Mehbooba too is cut from the same old frayed cloth


Speaking after paying homage to the martyrs of 1931 at the Martyrs Graveyard at Khawaja Bazar area, Chief Minister Mehbooba Mufti sought people’s support in pulling the state out of the vortex of violence and bloodshed, saying “her heart is overwhelmed with great sadness and sorrow as a result of the killings in the Valley”. She once again accused the elements with vested interests of instigating the protests, calling them more dangerous than the militants who take up guns and fight with the security forces. The CM also called upon the parents to counsel their children not to go out and throw stones.  For people, these words only evoked anger. The implicit message in CM’s belated breaking of her silence is that the killings were outcome of the protesters themselves leaving no option for the security personnel but to fire to kill.  She didn’t own up to the responsibility of her own government in the killings. Just saying that her government will investigate the disproportionate use of force, if any by the government.  This also means nothing. There have been scores of such inquiries in Valley over the past 26 years whose outcome is either pending or has attracted little follow-up action. There is hardly a case where a probe has ended to the satisfaction of the people or where the culprits have been adequately punished. And over the years, this has been a predominant source of the trust-deficit between the successive state governments and the people in Valley.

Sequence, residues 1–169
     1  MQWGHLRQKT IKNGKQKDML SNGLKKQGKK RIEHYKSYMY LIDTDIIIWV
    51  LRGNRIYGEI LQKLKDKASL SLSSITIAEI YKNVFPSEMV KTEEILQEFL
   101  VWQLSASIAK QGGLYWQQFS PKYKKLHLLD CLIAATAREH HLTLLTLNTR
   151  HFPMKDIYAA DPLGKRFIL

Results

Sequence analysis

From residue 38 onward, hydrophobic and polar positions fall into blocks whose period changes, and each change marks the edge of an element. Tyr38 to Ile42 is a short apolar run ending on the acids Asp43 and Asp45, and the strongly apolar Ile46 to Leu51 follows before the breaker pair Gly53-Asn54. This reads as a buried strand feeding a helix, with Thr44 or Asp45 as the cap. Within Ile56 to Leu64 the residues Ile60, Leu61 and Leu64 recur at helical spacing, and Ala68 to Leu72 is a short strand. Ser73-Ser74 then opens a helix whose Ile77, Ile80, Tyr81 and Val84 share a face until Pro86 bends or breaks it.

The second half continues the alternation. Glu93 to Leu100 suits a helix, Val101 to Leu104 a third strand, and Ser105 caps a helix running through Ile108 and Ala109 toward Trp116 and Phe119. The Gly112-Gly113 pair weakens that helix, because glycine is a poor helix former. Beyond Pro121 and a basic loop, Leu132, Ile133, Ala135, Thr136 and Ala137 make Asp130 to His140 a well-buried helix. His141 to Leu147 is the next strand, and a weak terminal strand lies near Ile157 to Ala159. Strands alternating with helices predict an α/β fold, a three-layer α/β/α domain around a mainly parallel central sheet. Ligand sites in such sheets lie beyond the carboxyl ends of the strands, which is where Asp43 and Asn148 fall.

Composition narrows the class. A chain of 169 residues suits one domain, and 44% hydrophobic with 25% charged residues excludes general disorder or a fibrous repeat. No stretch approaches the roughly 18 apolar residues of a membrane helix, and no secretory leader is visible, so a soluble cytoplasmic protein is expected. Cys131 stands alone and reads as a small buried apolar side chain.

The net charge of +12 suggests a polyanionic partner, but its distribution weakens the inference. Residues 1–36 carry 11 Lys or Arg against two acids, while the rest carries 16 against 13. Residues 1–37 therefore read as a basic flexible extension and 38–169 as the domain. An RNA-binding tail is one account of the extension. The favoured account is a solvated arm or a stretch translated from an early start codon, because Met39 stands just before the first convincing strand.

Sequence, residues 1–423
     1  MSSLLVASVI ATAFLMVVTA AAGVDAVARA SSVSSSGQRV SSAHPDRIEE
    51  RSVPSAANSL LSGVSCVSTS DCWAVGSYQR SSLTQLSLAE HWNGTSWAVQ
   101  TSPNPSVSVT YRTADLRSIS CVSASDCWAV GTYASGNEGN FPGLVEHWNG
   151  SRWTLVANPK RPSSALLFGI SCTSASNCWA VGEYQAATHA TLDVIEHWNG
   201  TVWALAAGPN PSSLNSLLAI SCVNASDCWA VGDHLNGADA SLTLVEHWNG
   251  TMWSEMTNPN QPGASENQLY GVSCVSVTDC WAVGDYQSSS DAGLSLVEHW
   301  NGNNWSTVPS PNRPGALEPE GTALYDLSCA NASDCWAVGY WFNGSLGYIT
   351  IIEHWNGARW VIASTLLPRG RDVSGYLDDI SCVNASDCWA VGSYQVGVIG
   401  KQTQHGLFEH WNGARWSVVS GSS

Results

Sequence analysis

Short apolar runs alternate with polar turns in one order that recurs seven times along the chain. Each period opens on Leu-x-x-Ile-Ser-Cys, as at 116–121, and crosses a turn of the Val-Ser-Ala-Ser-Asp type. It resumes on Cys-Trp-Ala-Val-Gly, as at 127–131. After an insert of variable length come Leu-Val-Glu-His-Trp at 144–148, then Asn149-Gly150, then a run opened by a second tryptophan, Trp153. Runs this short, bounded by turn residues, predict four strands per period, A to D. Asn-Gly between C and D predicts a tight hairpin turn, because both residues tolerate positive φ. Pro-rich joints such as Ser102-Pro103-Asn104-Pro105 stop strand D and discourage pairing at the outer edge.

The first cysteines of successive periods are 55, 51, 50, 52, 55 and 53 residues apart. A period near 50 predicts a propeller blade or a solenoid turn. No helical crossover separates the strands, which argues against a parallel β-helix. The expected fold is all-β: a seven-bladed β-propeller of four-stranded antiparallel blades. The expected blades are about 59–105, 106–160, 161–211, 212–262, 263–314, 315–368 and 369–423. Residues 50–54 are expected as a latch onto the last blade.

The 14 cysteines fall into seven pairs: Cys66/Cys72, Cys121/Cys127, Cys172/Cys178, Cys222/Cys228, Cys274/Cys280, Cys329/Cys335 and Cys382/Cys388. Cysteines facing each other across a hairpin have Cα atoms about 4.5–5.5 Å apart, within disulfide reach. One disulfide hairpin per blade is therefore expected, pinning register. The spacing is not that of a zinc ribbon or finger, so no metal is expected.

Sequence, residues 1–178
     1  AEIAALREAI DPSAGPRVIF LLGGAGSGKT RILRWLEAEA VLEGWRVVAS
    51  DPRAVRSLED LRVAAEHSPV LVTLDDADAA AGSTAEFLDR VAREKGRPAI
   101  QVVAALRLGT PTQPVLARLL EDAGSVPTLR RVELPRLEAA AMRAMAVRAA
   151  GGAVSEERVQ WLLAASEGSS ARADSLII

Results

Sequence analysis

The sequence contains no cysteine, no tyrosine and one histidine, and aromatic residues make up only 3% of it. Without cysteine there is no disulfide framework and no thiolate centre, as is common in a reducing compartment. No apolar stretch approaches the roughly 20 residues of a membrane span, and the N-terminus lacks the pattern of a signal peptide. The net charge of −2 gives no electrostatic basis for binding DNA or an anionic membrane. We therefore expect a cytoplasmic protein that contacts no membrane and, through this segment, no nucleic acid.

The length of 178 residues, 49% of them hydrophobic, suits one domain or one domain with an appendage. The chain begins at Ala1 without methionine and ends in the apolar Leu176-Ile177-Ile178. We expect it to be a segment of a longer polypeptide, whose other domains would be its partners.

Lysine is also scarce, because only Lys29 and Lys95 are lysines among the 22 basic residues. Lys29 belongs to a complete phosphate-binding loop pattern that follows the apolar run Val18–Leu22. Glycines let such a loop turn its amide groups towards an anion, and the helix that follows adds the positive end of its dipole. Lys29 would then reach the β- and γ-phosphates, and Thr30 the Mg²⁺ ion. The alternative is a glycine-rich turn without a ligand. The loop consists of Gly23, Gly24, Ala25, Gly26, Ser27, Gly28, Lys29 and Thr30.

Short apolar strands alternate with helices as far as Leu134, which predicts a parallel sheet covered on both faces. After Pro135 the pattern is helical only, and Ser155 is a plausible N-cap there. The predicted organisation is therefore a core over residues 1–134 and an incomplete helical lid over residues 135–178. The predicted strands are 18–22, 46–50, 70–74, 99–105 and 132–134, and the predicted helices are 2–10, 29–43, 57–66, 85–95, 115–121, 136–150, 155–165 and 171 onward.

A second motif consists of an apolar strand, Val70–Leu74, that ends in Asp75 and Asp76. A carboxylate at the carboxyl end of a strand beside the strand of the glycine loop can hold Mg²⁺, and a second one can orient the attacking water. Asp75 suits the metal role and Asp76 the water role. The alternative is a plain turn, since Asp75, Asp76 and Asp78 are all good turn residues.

Mehbooba’s belated defense of her government may have thus  only served to further indict it. If anything, her explanation has once again attested to the sameness of the mainstream politics in the Valley, if not in Jammu. When around 120 youth – most of them teenagers – were gunned down through 2010, PDP was rightly the loudest in its condemnation.  The party sought the then Chief Minister Omar Abdullah’s immediate resignation, and expressed disbelief that he was coolly presiding over the killings. In response, Omar said little except tweet now and then his regret over the deaths. The then PDP president Mehbooba Mufti was at her shrillest in her opposition to the state of affairs. But now after her own government has been responsible for the killing of 34 persons over three days, Mehbooba has acted hardly any different. She may have expressed her own “anguish” over the killings, but on the whole she has struggled to appear empathetic enough. Her response has been muted and more in the nature of addressing a routine problem. And very unlike that of her coalition partner BJP’s  towards the lathi-charge of the outstation students at NIT Srinagar. And also unexpected of her given her three month refusal to  become CM unless centre announced some Confidence Building Measures for the state.

But can it be traced to Mehbooba’s failure or to the inevitable outcome of the entrenched structure of the state’s polity? It could be both. Perhaps more a structural problem than the undoing of Mehbooba. But some leaders do override the structures. Not so in Valley, though.    But how one longs for a brush with this kind of politics in J&K. Except for fewer fleeting interludes, the politics in the state has been predictable, banal, feudalistic and morally compromised, confined to dynasties and the elite sections of the society. For a moment, Mehbooba had appeared different. But as the killings have now made clear, she too is cut from the same old frayed cloth.

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